There is a clear opportunity to improve the veg offered outside of the home – in restaurants and casual dining establishments, public and private sector canteens, schools and early years’ establishments, event catering and other food service enterprises – and therefore increase consumption. To do this, however, we need to ensure there is a rich skills base within the food sector to do interesting and tasty things with veg.

The employment and skills agenda continues to be determined, largely, at the national level. However, local authorities and other key stakeholders have a number of levers through which to encourage skills development for both adults and young people, which could be used to develop veg-specific competencies in the catering and hospitality industries.

English local authorities are now subject, under the Enterprise Act 2016, to apprenticeship start targets for public bodies; with 2.4% of the workforce of all but the smallest local authorities required to be apprentices by 2020. Where local authorities run in-house catering services, apprenticeship starts in the hospitality and catering trades could count towards this target, and in-turn could contain veg-specific training modules determined by the local authority employer and its contracted training providers.

Each of new ‘Metro Mayor’ combined authorities have been granted some skills responsibilities: with decision
making powers over, variably, the distribution of Adult Skills Budgets, the creation of Apprenticeship Grants for
Employers schemes, and the structure post-16 education systems. Some English local authorities have also worked in partnership with local businesses through Local Enterprise Partnerships to influence the distribution
of funds allocated by the national Skills Funding Agency.

Some skills policies are devolved from Westminster to the Welsh and Northern Irish Assemblies and Scottish
Government. Each of which allow for varying degrees of local authority engagement in the design and delivery of their respective skills strategies, programmes and plans.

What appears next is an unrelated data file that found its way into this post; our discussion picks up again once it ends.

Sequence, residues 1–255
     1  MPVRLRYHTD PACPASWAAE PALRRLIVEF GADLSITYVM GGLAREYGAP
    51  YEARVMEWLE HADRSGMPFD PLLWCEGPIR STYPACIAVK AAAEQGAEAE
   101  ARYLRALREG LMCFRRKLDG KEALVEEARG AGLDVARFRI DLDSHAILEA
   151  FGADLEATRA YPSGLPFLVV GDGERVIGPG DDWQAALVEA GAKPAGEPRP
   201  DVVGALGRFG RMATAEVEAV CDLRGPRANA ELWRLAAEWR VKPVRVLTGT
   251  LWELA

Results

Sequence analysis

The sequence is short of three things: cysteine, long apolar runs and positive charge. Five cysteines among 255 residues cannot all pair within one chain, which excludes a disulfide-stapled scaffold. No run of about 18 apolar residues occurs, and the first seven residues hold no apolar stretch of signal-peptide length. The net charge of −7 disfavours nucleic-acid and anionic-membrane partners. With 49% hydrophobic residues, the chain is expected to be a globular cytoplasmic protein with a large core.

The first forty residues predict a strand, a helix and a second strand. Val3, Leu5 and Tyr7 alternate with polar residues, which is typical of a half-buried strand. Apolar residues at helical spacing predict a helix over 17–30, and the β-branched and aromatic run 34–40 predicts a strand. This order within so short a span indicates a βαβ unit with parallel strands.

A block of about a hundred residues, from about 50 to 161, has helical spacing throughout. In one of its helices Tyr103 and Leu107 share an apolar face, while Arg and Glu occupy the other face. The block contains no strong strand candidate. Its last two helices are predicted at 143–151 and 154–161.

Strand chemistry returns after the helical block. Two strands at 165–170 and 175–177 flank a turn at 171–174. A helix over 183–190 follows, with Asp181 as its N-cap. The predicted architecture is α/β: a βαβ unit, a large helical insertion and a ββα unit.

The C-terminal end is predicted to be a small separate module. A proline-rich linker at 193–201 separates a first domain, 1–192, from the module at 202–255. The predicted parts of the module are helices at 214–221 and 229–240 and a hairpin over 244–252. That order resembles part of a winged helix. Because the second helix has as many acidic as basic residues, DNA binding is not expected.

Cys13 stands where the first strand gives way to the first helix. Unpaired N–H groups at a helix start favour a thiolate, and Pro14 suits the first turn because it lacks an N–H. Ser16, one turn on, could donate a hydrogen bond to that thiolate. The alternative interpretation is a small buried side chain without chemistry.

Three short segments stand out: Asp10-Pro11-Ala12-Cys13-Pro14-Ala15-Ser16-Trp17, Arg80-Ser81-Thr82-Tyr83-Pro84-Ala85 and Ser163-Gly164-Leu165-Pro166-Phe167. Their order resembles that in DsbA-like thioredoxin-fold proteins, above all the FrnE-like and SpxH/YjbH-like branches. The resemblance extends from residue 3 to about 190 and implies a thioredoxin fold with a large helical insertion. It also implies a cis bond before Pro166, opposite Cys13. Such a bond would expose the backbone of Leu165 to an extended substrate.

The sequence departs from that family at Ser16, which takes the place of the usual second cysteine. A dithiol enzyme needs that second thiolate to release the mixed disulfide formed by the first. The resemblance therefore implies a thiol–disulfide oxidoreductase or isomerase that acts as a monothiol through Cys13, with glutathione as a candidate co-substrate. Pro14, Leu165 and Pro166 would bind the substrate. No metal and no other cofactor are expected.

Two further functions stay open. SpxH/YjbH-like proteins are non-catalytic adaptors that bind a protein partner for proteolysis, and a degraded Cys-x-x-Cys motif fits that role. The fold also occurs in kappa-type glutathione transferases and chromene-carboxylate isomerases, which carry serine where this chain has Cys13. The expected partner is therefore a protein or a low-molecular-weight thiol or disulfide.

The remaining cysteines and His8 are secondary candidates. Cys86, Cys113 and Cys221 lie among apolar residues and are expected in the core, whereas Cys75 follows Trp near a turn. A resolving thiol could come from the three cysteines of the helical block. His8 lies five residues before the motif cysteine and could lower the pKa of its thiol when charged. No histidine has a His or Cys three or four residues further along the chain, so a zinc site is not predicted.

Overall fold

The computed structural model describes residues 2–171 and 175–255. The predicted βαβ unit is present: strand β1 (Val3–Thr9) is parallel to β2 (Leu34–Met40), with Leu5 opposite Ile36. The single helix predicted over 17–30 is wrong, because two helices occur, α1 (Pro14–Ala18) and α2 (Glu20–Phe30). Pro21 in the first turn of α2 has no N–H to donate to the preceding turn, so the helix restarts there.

Case study

Local authorities and multi-sectoral partnerships can also work with training providers and local employers to deliver tool box talks and other modular forms of employment training. The Humane Society of the United States (HSUS) has an initiative now being adapted by the Humane Society International UK (HSIUK), which delivers “culinary workshops” to skill up and inspire chefs working in both public- and private-sector kitchens through  showcasing a variety of vegan ingredients for plant-based dishes. The content of each workshop is adapted  depending on expertise of participants and budgetary constraints.

Action 14 and 15
The quantity of veg grown and imported into the UK is close to that needed for the whole population to meet its 5 A Day target. However, currently around 30% of total supply is lost through household waste (avoidable and unavoidable), and supply-chain waste diminishes supply by a further 10% (Wrap 2016; DEFRA 2015b; Wrap 2012a). Campaigns which focus on reducing household waste could focus specifically on vegetables and promote strategies to cut back vegetable waste and in turn promote greater consumption.

Scottish Government has set a target to reduce food waste by 33% by 2025.

 

Case study

In Cardiff, campaigns are being run to reduce household veg waste and increase composting – in conjunction
with Love Food Hate Waste and Cardiff council. Examples include foodwaste roadshows, Love Food Hate waste
cook ups and education for children and parents during the school holiday enrichment programme, Food and
Fun – delivered through partnerships.

Cardiff Councils Get it Out for Cardiff (GIOFC) is the annual, end of term waste, recycling and charity collection
scheme for University accommodation and includes collection of tinned and packaged food.